Norton, Kahl to Speak on Corporate Political Activity to Baltimore ACC Members
BALTIMORE—The Supreme Court’s recent ruling in the Citizens United v. FEC has greatly changed the political landscape for corporate political activity. No one has been following these events more closely than Womble Carlyle attorneys Larry Norton and Jim Kahl, and they will share their knowledge with Baltimore-area in-house attorneys on March 31st.
Norton and Kahl will be speaking at the monthly luncheon meeting of Association of Corporate Counsel's Baltimore Chapter. Their program is entitled, "Corporate Political Activity this Election Year - Treacherous Waters & Safe Harbors."
In the current environment, corporations have tremendous opportunities for political activity—but the also face great risks from noncompliance.
This program will familiarize business leaders with the Citizens United case and other developments in the regulation of political activity and lobbying. Norton and Kahl will address the elusive line between corporate and volunteer campaign activity, and why the distinction is so important. And they will discuss how companies and their executives can protect themselves from potential fines and criminal penalties, preserve their ability to compete for government contracts, and avoid the harm to business reputation that can occur from missteps in this area.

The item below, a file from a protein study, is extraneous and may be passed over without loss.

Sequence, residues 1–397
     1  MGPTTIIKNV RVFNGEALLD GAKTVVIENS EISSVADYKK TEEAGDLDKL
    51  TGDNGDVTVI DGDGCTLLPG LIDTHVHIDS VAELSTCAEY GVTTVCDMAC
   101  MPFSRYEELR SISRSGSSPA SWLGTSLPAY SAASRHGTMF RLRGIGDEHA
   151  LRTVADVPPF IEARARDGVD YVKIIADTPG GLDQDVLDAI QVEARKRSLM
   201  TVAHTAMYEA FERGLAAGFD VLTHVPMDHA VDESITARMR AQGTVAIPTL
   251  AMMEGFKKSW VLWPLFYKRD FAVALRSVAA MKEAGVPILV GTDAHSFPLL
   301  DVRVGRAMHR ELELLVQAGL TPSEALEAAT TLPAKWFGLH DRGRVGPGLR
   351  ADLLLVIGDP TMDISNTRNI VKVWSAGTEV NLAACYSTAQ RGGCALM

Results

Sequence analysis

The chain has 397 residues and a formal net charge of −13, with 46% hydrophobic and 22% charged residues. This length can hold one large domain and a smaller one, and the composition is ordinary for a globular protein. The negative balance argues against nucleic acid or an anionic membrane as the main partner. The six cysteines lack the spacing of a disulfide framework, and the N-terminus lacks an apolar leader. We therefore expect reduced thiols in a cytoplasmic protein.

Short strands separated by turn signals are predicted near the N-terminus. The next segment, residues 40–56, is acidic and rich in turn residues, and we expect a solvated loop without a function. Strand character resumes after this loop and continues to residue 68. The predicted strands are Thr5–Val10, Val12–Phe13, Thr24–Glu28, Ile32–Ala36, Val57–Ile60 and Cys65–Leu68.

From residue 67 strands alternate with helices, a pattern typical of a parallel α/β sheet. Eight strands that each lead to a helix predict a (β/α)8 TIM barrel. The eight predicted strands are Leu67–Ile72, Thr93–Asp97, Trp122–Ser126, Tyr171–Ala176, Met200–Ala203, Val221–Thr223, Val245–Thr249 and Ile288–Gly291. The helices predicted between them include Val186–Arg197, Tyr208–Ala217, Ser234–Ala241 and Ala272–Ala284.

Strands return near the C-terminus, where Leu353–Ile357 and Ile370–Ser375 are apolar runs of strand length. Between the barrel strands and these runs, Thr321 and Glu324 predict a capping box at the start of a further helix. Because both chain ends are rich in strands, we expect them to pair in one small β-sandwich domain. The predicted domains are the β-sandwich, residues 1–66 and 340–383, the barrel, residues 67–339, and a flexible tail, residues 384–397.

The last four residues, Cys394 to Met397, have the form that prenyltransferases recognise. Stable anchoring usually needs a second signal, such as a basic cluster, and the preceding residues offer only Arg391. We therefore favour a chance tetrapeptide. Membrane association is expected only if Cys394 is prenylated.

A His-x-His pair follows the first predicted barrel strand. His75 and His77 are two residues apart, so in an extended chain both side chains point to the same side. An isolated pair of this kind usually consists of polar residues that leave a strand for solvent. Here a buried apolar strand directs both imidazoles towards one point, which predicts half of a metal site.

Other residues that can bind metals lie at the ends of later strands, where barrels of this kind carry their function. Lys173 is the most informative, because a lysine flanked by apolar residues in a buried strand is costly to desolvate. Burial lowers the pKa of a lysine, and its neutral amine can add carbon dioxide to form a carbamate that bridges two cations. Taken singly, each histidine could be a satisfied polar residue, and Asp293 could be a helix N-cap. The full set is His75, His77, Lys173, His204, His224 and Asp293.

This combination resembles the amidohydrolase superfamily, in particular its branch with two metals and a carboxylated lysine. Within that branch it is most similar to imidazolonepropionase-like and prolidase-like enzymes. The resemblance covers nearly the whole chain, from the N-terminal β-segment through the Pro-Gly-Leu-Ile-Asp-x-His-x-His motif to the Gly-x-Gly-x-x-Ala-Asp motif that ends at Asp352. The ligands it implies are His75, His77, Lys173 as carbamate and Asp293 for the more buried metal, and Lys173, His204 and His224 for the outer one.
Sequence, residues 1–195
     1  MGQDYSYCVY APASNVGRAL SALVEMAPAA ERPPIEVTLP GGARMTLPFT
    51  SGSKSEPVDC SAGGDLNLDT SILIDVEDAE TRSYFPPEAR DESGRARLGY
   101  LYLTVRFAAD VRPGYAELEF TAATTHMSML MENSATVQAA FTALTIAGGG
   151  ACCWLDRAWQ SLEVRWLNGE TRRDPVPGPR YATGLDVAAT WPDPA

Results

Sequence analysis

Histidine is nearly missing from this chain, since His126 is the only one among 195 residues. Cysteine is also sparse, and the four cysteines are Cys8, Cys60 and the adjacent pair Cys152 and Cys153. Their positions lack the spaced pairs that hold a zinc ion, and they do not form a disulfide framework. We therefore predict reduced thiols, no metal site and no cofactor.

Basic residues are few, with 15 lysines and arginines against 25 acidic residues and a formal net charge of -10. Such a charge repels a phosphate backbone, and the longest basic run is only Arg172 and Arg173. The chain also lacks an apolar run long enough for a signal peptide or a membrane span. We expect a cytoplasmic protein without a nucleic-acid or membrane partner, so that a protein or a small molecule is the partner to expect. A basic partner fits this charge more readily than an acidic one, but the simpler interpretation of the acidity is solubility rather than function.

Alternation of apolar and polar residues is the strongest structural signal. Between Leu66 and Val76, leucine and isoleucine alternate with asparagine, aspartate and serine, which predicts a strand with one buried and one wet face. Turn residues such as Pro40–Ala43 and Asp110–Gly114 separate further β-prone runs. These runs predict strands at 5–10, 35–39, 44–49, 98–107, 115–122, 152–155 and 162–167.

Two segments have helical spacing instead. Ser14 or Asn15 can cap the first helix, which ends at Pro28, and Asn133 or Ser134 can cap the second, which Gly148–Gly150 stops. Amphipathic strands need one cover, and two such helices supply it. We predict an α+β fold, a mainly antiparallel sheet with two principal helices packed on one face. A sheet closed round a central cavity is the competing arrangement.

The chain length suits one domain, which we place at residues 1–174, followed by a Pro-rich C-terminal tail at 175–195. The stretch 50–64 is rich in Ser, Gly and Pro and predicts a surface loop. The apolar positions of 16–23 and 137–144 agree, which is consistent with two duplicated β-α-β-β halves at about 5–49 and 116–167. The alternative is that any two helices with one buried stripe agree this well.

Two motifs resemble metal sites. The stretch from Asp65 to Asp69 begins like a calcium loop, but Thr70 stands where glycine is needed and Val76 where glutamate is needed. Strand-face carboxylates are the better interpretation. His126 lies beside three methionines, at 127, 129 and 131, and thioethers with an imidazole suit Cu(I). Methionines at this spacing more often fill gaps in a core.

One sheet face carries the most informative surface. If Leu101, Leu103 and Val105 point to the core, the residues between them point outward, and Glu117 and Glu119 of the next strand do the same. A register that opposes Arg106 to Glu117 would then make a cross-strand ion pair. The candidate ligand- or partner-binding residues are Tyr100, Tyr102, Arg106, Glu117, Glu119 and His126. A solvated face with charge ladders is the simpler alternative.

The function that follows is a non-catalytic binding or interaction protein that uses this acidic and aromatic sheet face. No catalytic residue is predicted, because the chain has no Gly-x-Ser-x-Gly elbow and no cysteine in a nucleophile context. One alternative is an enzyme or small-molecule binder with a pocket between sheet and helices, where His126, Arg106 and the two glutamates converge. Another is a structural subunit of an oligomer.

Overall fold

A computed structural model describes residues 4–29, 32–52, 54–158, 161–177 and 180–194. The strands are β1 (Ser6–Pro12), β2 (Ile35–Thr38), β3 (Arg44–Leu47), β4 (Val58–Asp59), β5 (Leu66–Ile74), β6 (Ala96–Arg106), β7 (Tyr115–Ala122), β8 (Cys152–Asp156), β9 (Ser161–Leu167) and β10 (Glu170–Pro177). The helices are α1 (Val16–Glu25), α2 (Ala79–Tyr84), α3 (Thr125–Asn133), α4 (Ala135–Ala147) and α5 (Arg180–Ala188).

The event takes place at the Capital Grill, 500 E. Pratt St. in Baltimore. For more information or to register, please contact Stacey Stepek at (410) 691-6541 or via email.
About the Speakers
Larry Norton and Jim Kahl head Womble Carlyle's Political Law Practice. They represent corporations, trade associations, non-profit organizations, and others in connection with campaign finance, lobbying, and gift laws. Before joining Womble Carlyle, Norton and Kahl served as General Counsel and Deputy General Counsel, respectively, of the Federal Election Commission from 2001-2007. Norton and Kahl filed a brief in the Supreme Court in support of the winning party in the Citizens United case.